OfferUp QR code Pay
Enhance and delight the in-person payment experience
OfferUp is the largest mobile marketplace. People can buy and sell locally easily. We launched hold offer for pickup to solve the problem that people flake a lot, which means buyers and sellers were messaging each other to confirm a meetup time, but one of them never show up. QR code Pay is part of this in-person payment journey.
2018/10 – 2019/01
In-person usability study
Who I work with
Product manager / Engineers / UX researcher
Customer experience team
0. What is OfferUp
OfferUp is the largest mobile marketplace that people can buy and sell easily. Competitors include Facebook Marketplace, LetGo, Craigslist, eBay, Mercari, etc.
1. What is in-person payment?
The following diagram explained the happy path of in-person payment and where QR code pay lives.
2. The problem: making a hold offer is a completely new behavior!
As a new behavior we want people to understand, people got confused at different points due to CX tickets we received from users.
The problems I’m trying to solve are:
- Buyers and sellers don’t know if their transactions went through or not.
- Buyers are paying too early before getting the item.
3. Why QR code Pay is one hypothesis to solve this problem
- QR code Pay enhances a physical interaction between buyers and sellers: they both have to show up and participate in the transaction.
- QR code Pay creates a real-time response so both buyers and sellers are seeing that feedback.
- Low-cost technology: buyers and sellers don’t need fancy cell phones to do QR code Pay.
- Create a delightful experience for both buyers and sellers to help them complete payment
- Increase people’s engagement for meeting up locally
1. Understand the problem
I worked with PM & UX researcher to understand current business goals and user’s problems.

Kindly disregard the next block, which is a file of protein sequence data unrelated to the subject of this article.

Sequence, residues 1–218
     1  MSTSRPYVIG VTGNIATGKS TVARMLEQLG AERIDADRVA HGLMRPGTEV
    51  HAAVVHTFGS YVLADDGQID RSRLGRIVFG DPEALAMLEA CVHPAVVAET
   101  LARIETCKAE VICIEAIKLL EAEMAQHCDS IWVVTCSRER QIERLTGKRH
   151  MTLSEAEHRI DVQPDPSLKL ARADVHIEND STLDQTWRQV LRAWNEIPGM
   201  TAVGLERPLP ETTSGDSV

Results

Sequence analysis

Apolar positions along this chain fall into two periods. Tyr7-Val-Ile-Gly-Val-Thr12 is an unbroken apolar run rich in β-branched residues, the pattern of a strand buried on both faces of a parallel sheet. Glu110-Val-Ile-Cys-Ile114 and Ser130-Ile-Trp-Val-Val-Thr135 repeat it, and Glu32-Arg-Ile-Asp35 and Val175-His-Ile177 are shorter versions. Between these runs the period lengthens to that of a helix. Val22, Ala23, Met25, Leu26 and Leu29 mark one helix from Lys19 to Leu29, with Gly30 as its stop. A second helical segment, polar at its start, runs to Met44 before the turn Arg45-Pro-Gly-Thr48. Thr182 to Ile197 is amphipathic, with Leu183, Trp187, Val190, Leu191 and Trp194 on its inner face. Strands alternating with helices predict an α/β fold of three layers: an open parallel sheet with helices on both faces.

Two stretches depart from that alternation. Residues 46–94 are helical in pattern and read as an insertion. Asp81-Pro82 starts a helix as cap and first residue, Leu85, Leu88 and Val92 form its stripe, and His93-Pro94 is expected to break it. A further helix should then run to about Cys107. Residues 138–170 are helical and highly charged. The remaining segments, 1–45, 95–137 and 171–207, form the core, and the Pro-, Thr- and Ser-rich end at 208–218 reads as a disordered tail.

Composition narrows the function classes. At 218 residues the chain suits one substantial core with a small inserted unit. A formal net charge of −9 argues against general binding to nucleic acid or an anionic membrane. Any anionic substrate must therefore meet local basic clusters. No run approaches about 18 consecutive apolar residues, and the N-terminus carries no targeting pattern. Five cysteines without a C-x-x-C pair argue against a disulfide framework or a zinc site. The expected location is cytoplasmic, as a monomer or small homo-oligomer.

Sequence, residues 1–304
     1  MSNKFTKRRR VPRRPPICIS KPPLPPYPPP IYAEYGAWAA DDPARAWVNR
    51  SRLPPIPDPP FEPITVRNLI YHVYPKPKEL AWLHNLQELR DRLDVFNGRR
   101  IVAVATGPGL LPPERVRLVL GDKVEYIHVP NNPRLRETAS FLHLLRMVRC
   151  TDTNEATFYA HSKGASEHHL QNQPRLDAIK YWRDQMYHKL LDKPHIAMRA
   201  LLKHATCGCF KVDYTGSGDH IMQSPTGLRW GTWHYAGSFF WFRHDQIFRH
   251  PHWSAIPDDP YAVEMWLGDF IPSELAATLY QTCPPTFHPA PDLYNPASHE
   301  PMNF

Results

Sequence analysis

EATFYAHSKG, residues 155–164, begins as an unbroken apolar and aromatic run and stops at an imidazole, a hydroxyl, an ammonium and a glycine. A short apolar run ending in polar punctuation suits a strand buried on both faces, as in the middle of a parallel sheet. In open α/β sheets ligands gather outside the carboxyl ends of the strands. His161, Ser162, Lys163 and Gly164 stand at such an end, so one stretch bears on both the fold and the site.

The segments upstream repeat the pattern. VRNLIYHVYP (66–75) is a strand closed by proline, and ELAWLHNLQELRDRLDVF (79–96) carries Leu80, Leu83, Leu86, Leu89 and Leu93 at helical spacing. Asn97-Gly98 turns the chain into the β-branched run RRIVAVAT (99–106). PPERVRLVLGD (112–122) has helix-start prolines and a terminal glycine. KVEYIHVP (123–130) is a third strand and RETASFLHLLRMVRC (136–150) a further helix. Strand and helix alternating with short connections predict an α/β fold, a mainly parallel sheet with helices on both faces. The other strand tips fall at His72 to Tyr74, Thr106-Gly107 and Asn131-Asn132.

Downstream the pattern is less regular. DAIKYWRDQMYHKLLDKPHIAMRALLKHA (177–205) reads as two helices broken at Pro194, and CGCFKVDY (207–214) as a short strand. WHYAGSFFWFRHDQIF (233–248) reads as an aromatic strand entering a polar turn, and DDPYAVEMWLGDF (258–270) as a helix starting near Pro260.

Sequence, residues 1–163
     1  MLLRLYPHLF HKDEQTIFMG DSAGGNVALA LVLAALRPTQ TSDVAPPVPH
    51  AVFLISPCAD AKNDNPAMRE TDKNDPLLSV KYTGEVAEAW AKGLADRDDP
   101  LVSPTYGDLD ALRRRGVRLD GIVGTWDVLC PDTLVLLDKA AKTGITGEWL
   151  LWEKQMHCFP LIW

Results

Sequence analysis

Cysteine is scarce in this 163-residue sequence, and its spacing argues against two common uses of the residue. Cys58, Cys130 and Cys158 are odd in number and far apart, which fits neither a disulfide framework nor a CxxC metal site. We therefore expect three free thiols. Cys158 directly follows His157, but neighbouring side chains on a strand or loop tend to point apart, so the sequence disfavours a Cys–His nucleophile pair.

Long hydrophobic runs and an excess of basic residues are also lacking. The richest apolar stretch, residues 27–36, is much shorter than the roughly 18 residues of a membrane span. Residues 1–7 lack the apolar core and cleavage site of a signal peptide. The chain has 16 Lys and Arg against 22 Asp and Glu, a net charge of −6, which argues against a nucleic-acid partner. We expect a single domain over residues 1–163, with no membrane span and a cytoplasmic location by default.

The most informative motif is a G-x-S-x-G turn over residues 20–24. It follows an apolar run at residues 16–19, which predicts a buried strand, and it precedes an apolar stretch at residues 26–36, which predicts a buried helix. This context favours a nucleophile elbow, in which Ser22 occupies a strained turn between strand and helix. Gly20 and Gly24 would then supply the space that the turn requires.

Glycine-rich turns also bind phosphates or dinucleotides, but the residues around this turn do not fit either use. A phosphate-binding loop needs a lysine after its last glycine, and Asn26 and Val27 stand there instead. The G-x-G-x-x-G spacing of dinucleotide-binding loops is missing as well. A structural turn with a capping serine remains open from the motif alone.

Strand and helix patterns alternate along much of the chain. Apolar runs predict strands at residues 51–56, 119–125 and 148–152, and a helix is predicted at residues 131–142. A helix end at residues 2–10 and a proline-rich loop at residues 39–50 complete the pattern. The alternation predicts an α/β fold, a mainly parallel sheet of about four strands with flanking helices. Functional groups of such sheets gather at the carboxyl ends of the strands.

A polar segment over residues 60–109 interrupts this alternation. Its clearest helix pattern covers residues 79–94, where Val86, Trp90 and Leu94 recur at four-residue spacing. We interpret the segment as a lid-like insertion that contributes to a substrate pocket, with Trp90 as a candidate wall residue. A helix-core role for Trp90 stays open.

2. Define the goal and challenge
I worked with PM to define what’s the goal we want to achieve in this process, and understand what’s the challenges we’re facing.
3. Competitor analysis & Showcase
I did competitor analysis (Wechat Pay & AliPay) and reviewed the end-to-end flows with the core team to help people understand what are the current experiences for QR code payment area.
4. Usability study
The biggest design question I had is who should scan who. I wrote a test plan and did in-person usability testings to figure it out.
I iterated several rounds of design before and after user testings.
6. Dogfooding and improving
We had a company-wide dogfooding together. Employees tested this feature with other employees during lunch. I was observing how people reacted to this feature. Lots of great feedbacks were taken from this exercise.
As a product designer, I’m always passionate about the feature I built. (I’m pretty active on OfferUp. Now I had 43 reviews, which means 63 sales, 9 purchases). I tested with multiple buyers and sellers in the real world. I didn’t tell them I was OfferUp employee at first. So I can see how they like or not.
I’m super active! I mean it
1. Who should we charge service fee is unsure at the beginning.
We were testing different markets to decide who should we charge the service fee, buyers or sellers, or both parties, or no one. So when I designing this flow, I have to think about all of those scenarios. After testing in multiple markets, we decided to move forward with charging seller’s fee.
2. Known risks exist
A couple of risks for this feature we can foresee:
- We don’t know when the market will digest this feature. (Behavior changing)
- We’re not sure if people are going to question the necessity of this process. (Value prop)
Quick in-person usability study
The people I tested are within our company but get no exposure to the product line, such as HR, salespeople, new customer experience employee, etc. I tested 3 versions of prototypes for buyers and sellers to learn the behavior:
- Buyer scans seller
- Seller scans buyer
- Buyer & seller can scan both
Surprisingly, the result is completely different from I learned from my competitor analysis. In China, people get used to scanning another person’s code to pay. They get scanned by paying business vendors with POS machine to pay. But in my user testings, people feel more comfortable with seller scans buyer’s code, which is completely reversed from China’s behavior.
User testing prototype 1
Buyer scans seller
This is what the Chinese market gets used to, approved by billions of people. So we thought this could work for Americans. But it didn’t.
User testing prototype 2
Seller scans buyer (The winner!)
People gave us their reason: Buyer giving seller QR code to scan can be a metaphor of buyer taking money out of the wallet and giving to the seller.
User testing prototype 3
They both can scan
Surprisingly, this is the most confusing one for people.
Where I landed
This is the final version I landed. There are still lots of improvement I’m currently working at. The team quickly implemented this version and we’re testing this feature in Seattle.
Date: April 10, 2019